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by Maria Sofou

San Fransisco-based artist Rebecca Szeto creates little masterpieces by taking old, used paintbrushes and trasforming them into something truly unique: the handle of the brushes is craved and painted as a woman’s face while the bottom bristles are left untouched, resembling dresses and skirts. Szeto creates imaginative and ingenious women of different sizes, shapes, ethnicities and origins that are all exceptional and unique. The artist has taken an object that would normally be discarded and used it brilliantly, showing her magnificent skills – she has even painted Vermeer’s The Girl With the Pearl Earring!

Szeto explains: “These works play with notions of re-forming beauty and value. I use humble, end-of-life materials inspired by my experience as a faux finisher and love for art history. The paintbrush is self-referential, acting as both subject and object. It refers to the history of painting, through the medium of paint, using its own tool. The slow and repetitive pace of whittling allows me time to reflect more directly on the idiosyncrasies of each individual brush. The action of whittling serves as a metaphor for reducing something to its core value or essence. These works pay homage to a sensibility and vitality found in Old Masters’ works. My latest edition of Paintbrush Portraits highlighting lost, obscure and powerful stories of women across history and geography. These lady-like portraits are a playful strategy I use to draw the viewer into a more refined conversation about the nature of the work – in slowing down and observing the ordinary, however small, the most profound things are discovered.”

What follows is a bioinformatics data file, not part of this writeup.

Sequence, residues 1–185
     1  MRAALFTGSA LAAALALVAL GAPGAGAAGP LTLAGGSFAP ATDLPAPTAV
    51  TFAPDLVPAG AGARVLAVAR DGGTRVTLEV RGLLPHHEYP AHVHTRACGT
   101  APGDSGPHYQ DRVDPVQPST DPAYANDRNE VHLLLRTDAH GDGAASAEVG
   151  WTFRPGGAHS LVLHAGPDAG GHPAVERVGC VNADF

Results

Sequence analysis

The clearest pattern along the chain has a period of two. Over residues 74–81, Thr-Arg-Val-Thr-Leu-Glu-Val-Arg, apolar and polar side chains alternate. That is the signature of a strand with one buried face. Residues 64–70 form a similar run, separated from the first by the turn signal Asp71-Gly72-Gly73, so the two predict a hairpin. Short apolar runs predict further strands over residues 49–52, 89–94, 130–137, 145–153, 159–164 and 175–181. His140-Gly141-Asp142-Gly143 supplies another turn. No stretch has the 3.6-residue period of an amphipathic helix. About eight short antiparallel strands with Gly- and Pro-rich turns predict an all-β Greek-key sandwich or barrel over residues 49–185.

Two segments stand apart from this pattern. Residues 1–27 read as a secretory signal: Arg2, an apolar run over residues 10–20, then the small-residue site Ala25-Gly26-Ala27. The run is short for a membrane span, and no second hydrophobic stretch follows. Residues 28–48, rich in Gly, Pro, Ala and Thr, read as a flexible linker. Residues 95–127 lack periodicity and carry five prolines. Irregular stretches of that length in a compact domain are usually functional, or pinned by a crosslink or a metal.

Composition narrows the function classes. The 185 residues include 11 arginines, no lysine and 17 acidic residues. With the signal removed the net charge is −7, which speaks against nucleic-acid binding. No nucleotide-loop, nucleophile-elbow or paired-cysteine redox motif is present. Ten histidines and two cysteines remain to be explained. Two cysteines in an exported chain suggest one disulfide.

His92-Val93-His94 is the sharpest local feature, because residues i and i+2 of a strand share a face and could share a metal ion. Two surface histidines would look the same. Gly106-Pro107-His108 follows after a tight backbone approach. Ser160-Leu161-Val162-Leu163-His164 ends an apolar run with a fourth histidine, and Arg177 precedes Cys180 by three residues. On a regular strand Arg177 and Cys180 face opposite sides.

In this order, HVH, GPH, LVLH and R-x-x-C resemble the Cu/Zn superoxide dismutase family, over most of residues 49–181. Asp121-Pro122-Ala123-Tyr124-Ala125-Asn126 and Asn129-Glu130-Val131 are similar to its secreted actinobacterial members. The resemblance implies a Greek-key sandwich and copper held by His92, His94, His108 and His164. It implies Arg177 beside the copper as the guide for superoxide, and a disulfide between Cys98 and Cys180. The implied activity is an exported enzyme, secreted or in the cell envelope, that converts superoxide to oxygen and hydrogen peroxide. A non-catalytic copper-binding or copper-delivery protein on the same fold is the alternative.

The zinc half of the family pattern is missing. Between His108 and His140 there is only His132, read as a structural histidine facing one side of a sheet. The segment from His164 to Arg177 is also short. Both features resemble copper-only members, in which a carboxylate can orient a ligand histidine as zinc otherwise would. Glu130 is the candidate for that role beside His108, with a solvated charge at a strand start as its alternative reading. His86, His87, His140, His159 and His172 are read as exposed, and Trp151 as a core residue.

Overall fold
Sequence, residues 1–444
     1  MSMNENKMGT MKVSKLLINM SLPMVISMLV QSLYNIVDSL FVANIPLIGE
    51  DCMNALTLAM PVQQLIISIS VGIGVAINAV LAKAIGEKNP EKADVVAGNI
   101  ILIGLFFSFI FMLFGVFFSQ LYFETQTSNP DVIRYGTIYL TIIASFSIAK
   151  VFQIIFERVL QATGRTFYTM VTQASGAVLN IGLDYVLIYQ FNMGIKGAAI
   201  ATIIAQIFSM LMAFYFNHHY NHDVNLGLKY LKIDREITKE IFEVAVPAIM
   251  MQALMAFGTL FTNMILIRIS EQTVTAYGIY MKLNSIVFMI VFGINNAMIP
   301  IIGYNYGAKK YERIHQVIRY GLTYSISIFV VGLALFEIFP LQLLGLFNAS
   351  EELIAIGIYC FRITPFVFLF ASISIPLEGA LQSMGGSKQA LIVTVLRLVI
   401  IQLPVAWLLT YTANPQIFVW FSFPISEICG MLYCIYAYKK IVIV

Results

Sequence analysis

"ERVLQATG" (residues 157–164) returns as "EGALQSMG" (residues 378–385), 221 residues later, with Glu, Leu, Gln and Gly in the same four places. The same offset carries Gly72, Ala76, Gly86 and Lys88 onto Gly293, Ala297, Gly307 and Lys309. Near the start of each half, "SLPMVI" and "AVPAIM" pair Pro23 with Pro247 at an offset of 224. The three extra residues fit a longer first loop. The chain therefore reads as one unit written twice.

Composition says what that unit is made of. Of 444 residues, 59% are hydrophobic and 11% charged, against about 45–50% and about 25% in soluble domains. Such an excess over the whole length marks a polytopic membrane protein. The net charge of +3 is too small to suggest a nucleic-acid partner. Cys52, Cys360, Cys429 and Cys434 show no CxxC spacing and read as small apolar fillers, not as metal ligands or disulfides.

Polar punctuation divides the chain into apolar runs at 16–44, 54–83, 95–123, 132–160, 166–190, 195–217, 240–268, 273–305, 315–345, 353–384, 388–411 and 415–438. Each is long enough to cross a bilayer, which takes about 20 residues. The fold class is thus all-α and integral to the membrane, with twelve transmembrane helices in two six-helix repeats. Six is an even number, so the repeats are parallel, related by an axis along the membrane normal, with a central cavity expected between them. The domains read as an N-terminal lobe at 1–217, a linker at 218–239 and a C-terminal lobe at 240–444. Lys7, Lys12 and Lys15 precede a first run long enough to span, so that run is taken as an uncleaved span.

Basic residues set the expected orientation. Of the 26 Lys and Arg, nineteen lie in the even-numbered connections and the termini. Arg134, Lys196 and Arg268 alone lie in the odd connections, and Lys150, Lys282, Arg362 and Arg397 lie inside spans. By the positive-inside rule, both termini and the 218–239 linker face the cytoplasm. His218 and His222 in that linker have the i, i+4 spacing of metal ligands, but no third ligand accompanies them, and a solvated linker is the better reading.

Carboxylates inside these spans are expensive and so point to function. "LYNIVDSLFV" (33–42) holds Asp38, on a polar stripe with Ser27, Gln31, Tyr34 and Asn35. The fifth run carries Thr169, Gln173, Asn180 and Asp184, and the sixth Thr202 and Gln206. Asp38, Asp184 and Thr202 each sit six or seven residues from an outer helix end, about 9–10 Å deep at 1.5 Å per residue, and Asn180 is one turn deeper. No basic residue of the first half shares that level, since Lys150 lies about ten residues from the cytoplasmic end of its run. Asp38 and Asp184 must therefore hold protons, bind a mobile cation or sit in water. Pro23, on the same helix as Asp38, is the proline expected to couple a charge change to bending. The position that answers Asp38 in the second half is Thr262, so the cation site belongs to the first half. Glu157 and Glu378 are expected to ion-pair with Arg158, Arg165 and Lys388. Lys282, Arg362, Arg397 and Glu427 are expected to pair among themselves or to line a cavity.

Take a look and don’t forget to follow her- this amazing series is ongoing!

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